Nettle leaf


I am beyond thrilled to share my first plant healing post. I am a student at The Gaia School of Healing in Southern California and has shifted the way I relate to the plant world and how I think about medicine. We learn in the Wise Woman Tradition which is based in honoring the natural, sacred rhythms of the Earth to tap into the wisdom held in the plants that surround us. It is also rooted in looking inward, listening to our bodies to tell us what type of healing is needed, both spiritually and physically. I hope you will feel inspired to connect with the plants around you and see what type of spiritual healing is there for you!


I knew immediately which plant to post about first: The wonderful, nourishing Stinging Nettle (Urtica dioica). I can’t explain how grateful I am to have connected with this plant spirit; It is like taking in the richness of the earth in green liquid form! Nettle is a nourishing herb which means it is packed with the minerals and vitamins our bodies need to function properly. By flooding the body with nourishment, nettle rebuilds the various systems of the body and restores nutrient deficiencies.

Rich in: vitamins K, A, vitamin B complex, magnesium, iron, chlorophyl, potassium, zinc, and other trace minerals

Nettles can help with the following:
Increase energy and fight fatigue
Balance hormones
Boost immunity
Improve digestion and nutrient absorption
Build healthy blood and circulatory system
Provide basic minerals to help systems operate efficiently
Help the body handle stress
Grow thicker, shiny hair
Gives glowing complexion
Strengthen respiratory system
Build and restores adrenal and kidney function
Prevents cancer
Alleviate menstrual cramps
Increase breast milk production
Help anemia (due to high iron content)
Help fight addiction and release emotions no longer useful

I will shout it from the hilltops: Nettles should be part of everyone’s life, especially if you live in an urban environment and/or are dealing with chronic stress. Our bodies are constantly being depleted of nutrients due to environmental and physical stress. Taking in a nourishing herb, like nettle, helps keep your systems balanced and healthy.

This is why I can’t recommend this enough for people with crazy lives. From first hand experience, trust me: you will feel so much better! Gentle nettle put me back together last year at a very stressful time. I was on the verge of a nervous breakdown, muddling through a demanding job and family drama. I drank nettle almost everyday for a month and throughout the process, I noticed subtle shifts; I was much calmer in the face of stressful situations, was able to sustain my energy, and damn, was my complexion bright and glowing! I became stronger, both physically and emotionally. It was such a blessing to realize that there is so much spirit medicine available in a plant!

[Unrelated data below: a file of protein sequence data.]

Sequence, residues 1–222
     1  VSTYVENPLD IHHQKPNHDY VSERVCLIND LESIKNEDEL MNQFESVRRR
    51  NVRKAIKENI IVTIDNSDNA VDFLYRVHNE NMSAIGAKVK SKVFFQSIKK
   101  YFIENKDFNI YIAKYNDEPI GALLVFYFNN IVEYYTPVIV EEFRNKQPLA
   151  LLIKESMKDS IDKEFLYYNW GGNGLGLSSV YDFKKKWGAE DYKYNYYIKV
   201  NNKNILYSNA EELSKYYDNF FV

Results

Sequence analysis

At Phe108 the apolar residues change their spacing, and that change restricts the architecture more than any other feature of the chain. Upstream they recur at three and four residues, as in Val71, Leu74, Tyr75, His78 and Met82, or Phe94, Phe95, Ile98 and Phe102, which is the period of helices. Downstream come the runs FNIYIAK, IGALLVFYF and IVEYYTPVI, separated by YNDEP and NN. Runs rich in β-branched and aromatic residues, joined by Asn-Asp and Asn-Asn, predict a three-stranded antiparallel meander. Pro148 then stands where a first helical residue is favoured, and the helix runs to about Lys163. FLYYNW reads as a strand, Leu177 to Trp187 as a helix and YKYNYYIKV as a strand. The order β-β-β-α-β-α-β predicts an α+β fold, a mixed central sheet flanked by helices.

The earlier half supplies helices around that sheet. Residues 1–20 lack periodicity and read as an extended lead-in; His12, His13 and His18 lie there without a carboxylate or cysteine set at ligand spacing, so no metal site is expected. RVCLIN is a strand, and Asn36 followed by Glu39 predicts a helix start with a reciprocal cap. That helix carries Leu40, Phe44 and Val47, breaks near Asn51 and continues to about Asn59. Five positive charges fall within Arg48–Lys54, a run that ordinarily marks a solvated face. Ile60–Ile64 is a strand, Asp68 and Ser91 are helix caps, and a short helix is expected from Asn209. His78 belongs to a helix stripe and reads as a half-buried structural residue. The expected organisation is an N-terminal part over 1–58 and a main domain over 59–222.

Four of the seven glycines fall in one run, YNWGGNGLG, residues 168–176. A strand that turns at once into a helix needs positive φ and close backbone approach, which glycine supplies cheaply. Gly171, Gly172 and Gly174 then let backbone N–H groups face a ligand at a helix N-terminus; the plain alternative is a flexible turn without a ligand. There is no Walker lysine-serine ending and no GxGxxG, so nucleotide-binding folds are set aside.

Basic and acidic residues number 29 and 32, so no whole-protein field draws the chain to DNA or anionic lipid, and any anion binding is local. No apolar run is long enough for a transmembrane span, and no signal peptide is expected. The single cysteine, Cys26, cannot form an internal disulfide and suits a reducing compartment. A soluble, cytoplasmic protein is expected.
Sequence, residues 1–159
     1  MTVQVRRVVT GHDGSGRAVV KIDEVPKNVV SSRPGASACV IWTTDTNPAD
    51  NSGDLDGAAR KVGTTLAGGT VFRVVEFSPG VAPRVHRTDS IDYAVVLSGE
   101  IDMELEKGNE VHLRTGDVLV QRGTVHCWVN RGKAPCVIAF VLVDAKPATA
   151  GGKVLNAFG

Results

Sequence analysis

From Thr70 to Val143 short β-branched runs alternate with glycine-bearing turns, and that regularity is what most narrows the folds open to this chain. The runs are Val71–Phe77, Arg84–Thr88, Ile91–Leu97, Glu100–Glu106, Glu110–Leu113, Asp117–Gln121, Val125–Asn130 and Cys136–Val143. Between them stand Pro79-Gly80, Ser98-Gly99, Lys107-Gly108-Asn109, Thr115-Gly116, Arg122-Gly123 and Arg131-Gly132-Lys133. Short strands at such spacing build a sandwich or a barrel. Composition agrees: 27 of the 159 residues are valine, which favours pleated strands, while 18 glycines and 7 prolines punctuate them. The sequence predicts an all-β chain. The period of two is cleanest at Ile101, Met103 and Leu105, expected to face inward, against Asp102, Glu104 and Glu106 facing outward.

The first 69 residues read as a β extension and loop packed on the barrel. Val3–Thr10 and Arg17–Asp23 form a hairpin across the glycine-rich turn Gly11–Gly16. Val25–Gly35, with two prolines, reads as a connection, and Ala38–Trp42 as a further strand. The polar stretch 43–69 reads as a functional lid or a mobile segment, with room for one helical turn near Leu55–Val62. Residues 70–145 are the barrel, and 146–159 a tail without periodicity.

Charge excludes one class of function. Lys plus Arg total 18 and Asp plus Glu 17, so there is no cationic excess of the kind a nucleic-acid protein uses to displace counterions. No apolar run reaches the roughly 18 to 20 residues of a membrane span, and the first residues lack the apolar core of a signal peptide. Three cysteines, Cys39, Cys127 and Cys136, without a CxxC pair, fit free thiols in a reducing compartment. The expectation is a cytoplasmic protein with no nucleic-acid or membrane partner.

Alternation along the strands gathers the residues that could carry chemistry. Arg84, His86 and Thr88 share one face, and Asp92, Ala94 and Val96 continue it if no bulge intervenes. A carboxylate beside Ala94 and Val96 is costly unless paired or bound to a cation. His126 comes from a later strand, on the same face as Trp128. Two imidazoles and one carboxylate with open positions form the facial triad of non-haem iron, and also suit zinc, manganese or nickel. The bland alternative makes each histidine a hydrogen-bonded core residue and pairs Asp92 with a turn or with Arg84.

In addition to the scientifically-backed physical benefits, nettle delivers energetic healing, especially to the root chakra, by aiding in creating healthy boundaries and a strong spiritual foundation. Nettle can grow in low quality soil and bring it back to health, which is a beautiful way to imagine how it helps the human body.

Nettle is known particularly for being a wonderful plant ally for women in all stages of life through stabilizing the reproductive system, building rich blood, and increasing cells’ ability to metabolize nutrients. It will alleviate menstrual cramps, support new mothers, and ease menopause, alike!

Nettle, like most nourishing herbs, grows wild and abundant and is one of the most sustainable herbs you can consume on a regular basis.  You can buy dried nettles at Mountain Rose Herbs or at your local health food store. You’ll want to buy loose leaf tea in bulk since small teabags don’t provide enough plant material to make infusions.

How to make nettle infusion:

  1. Take a small fistful of plant material and throw it in a sturdy 1 quart glass jar (or fill up 1/4 of the jar with the herb if you’re not using qt size)
  2. Pour boiling water, filling up the jar
  3. Cover and let sit for a minimum of four hours, up to 10 hours. The longer it infuses, the more nutrients available.
  4. Strain and drink up! Start out with 2-3 cups per day, but there’s really no recommended amount – just listen to your body.
  5. Refrigerate any leftover infusion. Try to consume within 48 hours to prevent spoilage (I try to drink mine within 24 hours).

Nettle is very safe – just listen to your body. This class of herb works gradually, which is great because they can be taken safely for an extended period without side effects of harsher plants. The one thing I recommend is to drink plain water throughout the day since nettle can be slightly drying.

Do you love nettle? I would love it if you would share your experiences in the comments, below!